TED SIMONS: Should different areas have different living wages. Does it get to --

TOM JENNEY: The world is incredibly complex. It will be trial and error. Every employer is out there trying to figure out, hey, is the compensation level I'm awarding right now adequate for people to keep me from losing these people?

TED SIMONS: That aspect of unpredictability, is that a factor, a concern?

KELLY MCGOWAN: In -- in terms -- can you ask the question again --

TED SIMONS: Basically, unpredictability, what the living wage will be next year, adjacent county, dealing with a company trying to work a deal with someone in a different state.

KELLY MCGOWAN: The living wage will not be a set rate. It will increase as cost of living increase. So, we believe, especially small businesses in Arizona understand what their workers are going through in the communities that they live. The difference in wages based on where you live, we don't really see as a problem.

TED SIMONS: But if there is nothing other than recognition and those sorts of things, how much will businesses really do?

KELLY MCGOWAN: Well, we hope that businesses will do a lot. What we see when we talk to small businesses is that their employees are part of their family. They want them to be successful. We really hope that and we're seeing at the national level that this model is starting to work for folks national with a footprint in Arizona. We have quicktrip, average annual salary $40,000 a year plus benefits. Aetna came out in January with a $16 across the board base rate of $16 an hour for folks. We think this national model that is gaining traction is something that is worth trying here in Arizona.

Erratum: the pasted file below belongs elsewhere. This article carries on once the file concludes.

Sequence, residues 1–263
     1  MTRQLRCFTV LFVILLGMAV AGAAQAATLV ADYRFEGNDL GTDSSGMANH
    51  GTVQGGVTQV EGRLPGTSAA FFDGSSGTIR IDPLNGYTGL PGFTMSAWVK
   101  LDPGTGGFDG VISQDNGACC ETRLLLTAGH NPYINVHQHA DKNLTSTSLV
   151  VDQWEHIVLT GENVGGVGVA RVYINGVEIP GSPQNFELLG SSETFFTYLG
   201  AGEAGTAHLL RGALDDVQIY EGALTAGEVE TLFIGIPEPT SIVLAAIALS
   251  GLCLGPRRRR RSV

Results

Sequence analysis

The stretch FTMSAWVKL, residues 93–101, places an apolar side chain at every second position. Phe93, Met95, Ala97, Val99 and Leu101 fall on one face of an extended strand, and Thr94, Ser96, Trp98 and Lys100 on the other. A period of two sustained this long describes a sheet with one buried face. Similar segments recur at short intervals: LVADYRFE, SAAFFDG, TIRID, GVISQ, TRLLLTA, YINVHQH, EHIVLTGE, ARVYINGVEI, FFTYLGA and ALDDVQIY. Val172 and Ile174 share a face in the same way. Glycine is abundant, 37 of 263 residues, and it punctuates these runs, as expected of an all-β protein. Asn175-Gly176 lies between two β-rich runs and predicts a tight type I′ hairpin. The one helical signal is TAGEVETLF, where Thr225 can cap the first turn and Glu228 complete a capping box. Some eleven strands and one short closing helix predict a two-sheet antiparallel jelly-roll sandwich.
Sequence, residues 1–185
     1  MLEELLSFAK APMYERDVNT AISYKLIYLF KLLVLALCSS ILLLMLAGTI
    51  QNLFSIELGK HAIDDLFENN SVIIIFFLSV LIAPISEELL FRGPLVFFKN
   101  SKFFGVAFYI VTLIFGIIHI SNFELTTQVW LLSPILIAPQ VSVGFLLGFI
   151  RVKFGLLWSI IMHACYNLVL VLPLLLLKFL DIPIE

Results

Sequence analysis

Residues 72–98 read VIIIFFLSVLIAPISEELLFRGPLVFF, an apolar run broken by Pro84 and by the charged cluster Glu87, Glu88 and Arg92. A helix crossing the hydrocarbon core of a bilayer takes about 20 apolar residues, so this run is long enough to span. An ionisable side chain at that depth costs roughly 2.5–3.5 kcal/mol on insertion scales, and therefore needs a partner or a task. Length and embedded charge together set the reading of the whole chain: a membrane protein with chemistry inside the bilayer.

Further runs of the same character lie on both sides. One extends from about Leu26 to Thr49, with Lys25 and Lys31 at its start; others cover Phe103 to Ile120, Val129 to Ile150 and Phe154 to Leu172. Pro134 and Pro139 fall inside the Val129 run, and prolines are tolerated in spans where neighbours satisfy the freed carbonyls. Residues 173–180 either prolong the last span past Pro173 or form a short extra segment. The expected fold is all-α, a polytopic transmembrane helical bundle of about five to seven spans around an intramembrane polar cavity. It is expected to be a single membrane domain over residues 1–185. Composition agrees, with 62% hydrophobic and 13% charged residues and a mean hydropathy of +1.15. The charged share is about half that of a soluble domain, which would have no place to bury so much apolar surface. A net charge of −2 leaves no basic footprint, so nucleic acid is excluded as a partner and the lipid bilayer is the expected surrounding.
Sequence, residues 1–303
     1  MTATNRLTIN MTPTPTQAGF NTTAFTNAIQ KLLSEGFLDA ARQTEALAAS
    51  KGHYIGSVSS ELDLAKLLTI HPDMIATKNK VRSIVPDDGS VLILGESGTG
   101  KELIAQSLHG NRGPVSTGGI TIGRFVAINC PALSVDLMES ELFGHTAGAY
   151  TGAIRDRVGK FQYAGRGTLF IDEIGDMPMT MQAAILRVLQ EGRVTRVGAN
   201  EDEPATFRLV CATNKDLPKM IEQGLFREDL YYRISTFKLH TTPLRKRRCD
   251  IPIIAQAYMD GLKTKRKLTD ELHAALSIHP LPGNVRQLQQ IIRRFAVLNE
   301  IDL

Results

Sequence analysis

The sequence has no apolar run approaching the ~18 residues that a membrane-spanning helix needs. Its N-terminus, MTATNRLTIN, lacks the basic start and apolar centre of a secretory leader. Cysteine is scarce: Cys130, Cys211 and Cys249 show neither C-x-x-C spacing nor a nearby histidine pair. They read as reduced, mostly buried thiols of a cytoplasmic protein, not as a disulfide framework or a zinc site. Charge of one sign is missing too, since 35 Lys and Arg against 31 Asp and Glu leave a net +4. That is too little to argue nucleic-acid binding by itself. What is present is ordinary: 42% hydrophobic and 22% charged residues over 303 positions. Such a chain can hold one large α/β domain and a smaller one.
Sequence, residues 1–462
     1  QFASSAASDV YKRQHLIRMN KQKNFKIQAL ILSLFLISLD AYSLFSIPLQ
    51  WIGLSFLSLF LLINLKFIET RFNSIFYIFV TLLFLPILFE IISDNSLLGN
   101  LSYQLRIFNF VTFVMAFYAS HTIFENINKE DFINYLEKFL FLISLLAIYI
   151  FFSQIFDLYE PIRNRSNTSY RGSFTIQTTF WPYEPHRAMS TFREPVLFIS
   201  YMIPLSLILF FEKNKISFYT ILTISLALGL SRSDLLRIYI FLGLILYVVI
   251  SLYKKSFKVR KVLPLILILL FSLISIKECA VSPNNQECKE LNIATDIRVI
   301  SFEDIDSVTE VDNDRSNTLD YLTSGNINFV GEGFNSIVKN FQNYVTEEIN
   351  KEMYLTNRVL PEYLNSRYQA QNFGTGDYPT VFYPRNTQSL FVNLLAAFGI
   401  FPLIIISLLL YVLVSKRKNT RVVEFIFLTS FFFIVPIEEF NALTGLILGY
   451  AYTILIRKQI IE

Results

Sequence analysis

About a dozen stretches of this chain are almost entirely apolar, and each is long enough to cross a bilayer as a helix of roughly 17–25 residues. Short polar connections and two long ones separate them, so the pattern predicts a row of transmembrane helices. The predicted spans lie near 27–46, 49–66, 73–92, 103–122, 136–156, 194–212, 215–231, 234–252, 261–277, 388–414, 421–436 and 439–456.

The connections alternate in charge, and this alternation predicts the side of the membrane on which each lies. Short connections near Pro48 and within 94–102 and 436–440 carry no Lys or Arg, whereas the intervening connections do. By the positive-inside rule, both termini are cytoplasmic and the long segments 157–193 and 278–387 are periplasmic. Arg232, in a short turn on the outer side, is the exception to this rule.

TOM JENNEY: And, Ted, I am a little bit concerned. Again, if it is voluntary and they want to experiment, let's go for it. But I am concerned a little bit because we have a lot of people in the hospitality industry, some of our service industries, and if you look at hospitality in Arizona, they are making about $14 an hour. And that's by the way the average wage in that industry. The median wage is quite a bit lower than that. This is voluntary. I don't think there is any harm in trying, but if this was a case of a mandatory government-imposed $15 wage in Arizona, I think you would see a big dislocation.

TED SIMONS: The idea --

TOM JENNEY: A lot of people thrown out of work.

TED SIMONS: Right. Idea of a minimum wage, getting back to the minimum wage because that is a little more concrete and something I think you're more against as opposed to the idea of recognizing businesses doing well by the way of living wage, minimum wage, should there be a minimum wage? Do you think there should be one?